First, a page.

To be clear, a new StoryBlok account will be used, where we will take a look at all the steps. The main part of the work will take place in the home folder of our content.

Storyblok localization image1 So supposing, our resources should work in 3 countries. For example, it will be Germany, France and Italy. We want to have our own set of languages in each of the markets.

  • Germany: German(de), English(en)
  • Francy: French(fr), German(en), English(en)
  • Italy: Italian(it)

To work with content for different countries, we will rely on Google's documentation and recommendations

To make it clear to search bots about which country and language the page belongs to, there are a number of requirements that must be met. In our case, when we want to have 1 domain and control different countries and languages, the best choice would be to have information about the country and language in the URL and represent this data in meta tags. This way bots will understand and index our pages correctly.

As a result, we need the URl to contain key-value pairs in the language-country format. Detailed information about this can be found here

Given the information described above and our requirements, we must have the following prefixes:

  • Germany: de, en-de
  • France: fr, de-fr, en-fr
  • Italy: it

Each page of our resource will contain in the URL some of the prefixes described above. This will be the basis of our localization logic. The next step is to create this structure in StoryBlok.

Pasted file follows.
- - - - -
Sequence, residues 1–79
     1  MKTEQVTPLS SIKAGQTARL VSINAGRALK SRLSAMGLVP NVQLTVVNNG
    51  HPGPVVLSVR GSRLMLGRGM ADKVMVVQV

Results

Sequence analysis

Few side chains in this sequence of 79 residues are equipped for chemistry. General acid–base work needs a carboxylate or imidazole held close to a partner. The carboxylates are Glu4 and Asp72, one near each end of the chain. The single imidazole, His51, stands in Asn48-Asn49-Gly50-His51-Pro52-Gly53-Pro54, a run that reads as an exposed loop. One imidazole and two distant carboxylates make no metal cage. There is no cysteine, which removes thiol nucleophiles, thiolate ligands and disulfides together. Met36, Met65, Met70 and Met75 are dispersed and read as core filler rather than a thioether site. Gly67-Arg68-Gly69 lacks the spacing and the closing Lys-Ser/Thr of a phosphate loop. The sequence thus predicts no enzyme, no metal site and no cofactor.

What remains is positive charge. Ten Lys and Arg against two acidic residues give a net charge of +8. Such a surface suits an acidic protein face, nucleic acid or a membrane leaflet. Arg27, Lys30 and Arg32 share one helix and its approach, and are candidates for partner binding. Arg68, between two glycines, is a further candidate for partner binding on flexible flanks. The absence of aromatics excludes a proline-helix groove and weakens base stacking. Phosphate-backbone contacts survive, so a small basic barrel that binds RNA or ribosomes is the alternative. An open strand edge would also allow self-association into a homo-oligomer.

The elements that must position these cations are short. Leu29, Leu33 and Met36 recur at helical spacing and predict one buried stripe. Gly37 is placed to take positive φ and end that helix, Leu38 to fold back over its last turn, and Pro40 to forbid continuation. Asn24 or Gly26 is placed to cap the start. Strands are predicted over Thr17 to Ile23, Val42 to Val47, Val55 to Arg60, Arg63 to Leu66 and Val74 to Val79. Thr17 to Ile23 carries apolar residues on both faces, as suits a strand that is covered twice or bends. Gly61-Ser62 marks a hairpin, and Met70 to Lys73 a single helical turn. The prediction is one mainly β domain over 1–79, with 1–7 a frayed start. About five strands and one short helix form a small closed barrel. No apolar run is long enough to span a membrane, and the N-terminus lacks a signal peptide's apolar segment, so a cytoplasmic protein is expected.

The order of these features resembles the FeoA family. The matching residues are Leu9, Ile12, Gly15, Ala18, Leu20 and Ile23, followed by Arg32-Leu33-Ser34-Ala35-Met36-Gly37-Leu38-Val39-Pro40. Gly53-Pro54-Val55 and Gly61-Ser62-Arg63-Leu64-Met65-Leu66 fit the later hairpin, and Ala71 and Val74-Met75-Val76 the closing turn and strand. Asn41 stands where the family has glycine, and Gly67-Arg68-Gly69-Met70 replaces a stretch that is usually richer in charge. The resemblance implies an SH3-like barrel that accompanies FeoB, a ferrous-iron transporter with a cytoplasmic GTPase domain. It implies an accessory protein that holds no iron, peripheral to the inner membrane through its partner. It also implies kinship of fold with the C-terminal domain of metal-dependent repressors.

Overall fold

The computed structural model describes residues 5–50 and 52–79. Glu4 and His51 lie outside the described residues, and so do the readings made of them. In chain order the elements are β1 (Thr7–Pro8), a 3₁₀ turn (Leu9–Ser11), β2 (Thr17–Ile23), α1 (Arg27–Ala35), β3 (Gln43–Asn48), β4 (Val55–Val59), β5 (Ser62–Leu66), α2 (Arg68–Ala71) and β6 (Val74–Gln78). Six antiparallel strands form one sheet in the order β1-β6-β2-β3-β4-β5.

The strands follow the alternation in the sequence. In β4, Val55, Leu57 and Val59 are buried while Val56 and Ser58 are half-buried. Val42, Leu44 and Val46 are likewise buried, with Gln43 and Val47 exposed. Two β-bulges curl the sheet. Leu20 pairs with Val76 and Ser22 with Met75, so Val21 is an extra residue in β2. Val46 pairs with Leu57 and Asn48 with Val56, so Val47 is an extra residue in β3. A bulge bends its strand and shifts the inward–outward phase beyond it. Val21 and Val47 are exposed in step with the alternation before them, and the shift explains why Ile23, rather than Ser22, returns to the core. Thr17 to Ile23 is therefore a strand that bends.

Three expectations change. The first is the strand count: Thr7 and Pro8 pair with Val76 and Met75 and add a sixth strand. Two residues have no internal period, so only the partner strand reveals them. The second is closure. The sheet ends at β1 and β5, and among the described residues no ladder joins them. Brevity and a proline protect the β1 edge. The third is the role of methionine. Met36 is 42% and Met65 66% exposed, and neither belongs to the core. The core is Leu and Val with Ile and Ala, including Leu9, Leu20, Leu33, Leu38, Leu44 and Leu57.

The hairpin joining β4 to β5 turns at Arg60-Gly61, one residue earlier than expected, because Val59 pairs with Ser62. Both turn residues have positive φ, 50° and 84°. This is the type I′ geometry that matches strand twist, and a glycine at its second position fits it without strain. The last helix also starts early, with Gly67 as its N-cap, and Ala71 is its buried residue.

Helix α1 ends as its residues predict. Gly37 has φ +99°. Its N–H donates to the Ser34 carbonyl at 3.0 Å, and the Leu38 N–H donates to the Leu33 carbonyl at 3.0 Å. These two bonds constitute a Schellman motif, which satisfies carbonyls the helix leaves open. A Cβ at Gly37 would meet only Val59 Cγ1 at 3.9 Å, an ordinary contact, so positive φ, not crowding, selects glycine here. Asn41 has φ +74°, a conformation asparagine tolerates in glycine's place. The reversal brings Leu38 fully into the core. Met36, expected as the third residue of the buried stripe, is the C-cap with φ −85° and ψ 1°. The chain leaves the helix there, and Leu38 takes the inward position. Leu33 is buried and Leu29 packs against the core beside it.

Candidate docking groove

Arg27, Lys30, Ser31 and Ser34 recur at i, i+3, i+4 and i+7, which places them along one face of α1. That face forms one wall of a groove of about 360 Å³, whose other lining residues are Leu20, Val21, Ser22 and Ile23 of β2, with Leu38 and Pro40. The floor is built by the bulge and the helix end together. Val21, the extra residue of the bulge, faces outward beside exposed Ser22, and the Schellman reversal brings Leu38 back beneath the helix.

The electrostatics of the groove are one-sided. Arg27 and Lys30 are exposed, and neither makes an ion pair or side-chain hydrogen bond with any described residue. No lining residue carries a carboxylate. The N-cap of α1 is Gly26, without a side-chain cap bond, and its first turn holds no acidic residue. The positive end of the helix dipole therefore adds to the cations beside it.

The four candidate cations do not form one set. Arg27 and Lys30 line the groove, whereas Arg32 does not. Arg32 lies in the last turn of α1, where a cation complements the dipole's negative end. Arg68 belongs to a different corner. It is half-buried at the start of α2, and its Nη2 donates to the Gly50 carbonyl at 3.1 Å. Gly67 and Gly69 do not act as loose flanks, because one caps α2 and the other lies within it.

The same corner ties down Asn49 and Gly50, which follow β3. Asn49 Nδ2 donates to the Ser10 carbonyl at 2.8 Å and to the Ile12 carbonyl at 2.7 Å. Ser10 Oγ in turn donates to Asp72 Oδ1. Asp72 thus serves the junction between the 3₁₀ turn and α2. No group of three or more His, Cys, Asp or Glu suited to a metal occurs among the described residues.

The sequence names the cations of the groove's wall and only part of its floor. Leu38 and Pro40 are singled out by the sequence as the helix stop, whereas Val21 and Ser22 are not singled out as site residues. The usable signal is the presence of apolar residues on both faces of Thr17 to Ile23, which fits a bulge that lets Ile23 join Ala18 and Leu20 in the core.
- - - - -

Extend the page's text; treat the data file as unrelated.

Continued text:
Creating folders for different locales

We need to reflect our locale system in StoryBlok, and the best way to do this is to use folders. As a result, we will get a set of key-value folders with a display of each pair from the last step.

!Attention The folder slug must clearly match the key (en-de). The name can be any string.

Storyblok Localization image 2

After we have completed the structure, let's make a home page inside one of the folders.

Storyblok localization image 3

This is a very simple document that only has a Title & Description. This will be quite enough for a demo

Storyblok Localization image 4

For the convenience of working with different versions of pages, as well as, very importantly, linking them together, we will use the StoryBlok application dimensions

It is easy to add it in the applications tab in your

Storyblok Localization image 5

After adding this application, we will be able to easily copy/update pages

Storyblok Localization

For instance, by clicking on clone to all, we can easily create linked copies of this page in other locale folders

Storyblok Localization image 7

If we check other folders, we will find out that copies of this page have been created everywhere. This is convenient when we want to keep the structure of the content within a certain market, so we don't need to copy or fill it twice, just translate or add changes. By the same logic, the merge of changes works, we can determine the work of the merge, indicating, for example, whether it is necessary to grind the old values.

This was the first part in a series of “Storyblok localization with NextJS”. In the second part we will dive deeper into NextJS middleware and localization configurations


Alex Hramovich

Alex Hramovich

TechLead at FocusReactive